Hair transplant, also known as hair restoration surgery and hair transplantation surgery, refers to the use of ‘donor’ hair follicles found at the back of the scalp. These donor follicles are located in Unger’s ‘Safe Donor Area’ but may vary from person to person. These follicles are used for hair transplants because they are resistant to the harmful effects of DHT and are much less likely to undergo thinning, or ‘miniaturization’. As such, these hairs are considered permanent hairs.
The most common techniques for hair transplants today are using the FUE (now termed FUEE) and the FUT strip harvesting method. It is worth noting that both methods are surgical in nature. By law, any surgical procedure has to be carried out by a licensed medical professional.
FUT strip harvesting method
FUT strip harvesting is a method of removing living hair follicles from the donor area by surgically removing a strip of scalp-containing skin. After harvesting the strip of donor follicles, they are dissected into individual follicular units for reimplantation into the areas of balding. The surgical wound is then closed, allowing the hairs just next to the surgical wound to be as close as possible to each other, minimizing the large visible scars that were common in the past.
FUE stands for Follicular Unit Extraction whereas FUEE stands for Follicular Unit Excision and Extraction. The revised terminology highlights the surgicalnature of the procedure, having to excise and dissect scalp tissue from a patient’s scalp.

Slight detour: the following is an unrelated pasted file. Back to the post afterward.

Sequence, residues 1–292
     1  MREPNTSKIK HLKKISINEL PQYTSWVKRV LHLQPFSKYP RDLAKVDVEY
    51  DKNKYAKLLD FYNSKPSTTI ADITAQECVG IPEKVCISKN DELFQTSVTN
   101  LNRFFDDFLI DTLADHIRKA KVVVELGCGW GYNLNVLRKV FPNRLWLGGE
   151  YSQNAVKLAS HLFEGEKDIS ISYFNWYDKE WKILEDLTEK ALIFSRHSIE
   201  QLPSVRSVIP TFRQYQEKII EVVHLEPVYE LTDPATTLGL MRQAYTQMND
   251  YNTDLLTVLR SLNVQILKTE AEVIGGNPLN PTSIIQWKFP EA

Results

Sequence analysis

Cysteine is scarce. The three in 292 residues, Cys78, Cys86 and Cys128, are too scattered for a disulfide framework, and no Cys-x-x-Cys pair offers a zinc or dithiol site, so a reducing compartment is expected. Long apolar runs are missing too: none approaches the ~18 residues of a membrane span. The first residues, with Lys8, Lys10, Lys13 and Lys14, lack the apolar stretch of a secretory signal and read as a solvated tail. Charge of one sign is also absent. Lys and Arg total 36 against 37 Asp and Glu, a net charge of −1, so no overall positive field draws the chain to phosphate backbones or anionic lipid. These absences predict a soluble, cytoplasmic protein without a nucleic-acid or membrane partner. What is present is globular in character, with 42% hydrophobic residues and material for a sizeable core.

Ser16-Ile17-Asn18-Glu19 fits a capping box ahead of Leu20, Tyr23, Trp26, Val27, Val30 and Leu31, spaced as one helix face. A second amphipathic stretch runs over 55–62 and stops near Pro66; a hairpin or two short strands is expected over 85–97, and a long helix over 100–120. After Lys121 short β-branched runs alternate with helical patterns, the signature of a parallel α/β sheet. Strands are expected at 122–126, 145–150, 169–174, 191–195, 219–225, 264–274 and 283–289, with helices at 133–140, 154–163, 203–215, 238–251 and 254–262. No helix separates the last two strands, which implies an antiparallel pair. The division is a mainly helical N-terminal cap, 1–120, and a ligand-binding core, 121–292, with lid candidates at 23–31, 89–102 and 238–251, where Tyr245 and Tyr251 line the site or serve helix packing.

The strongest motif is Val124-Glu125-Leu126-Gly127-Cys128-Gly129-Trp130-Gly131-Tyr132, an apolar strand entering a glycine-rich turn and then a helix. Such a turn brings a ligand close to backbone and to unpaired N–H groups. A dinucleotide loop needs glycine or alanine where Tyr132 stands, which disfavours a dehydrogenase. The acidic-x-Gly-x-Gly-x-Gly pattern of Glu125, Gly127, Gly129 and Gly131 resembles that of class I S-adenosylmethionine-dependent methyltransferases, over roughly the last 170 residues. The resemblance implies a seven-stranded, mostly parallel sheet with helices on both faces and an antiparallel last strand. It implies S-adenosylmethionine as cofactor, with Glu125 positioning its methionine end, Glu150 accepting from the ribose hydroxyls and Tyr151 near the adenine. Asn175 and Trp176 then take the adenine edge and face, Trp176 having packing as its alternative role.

The FUE (or FUEE) procedure involves individually harvesting follicular units using a harvesting punch (excision), taking great care not to damage any part of the follicles. To perform this well requires training and experience. The same microscopic follicular units are retrieved from the scalp (extraction) and assessed by a team of trained technicians under high powered microscopy – these are now called ‘grafts’ that contain hair follicles and surrounding tissue that supports the follicle’s survival. Suitable grafts are arranged and put in a specialized storage medium called hypothermosol to improve survival for implantation into areas of balding.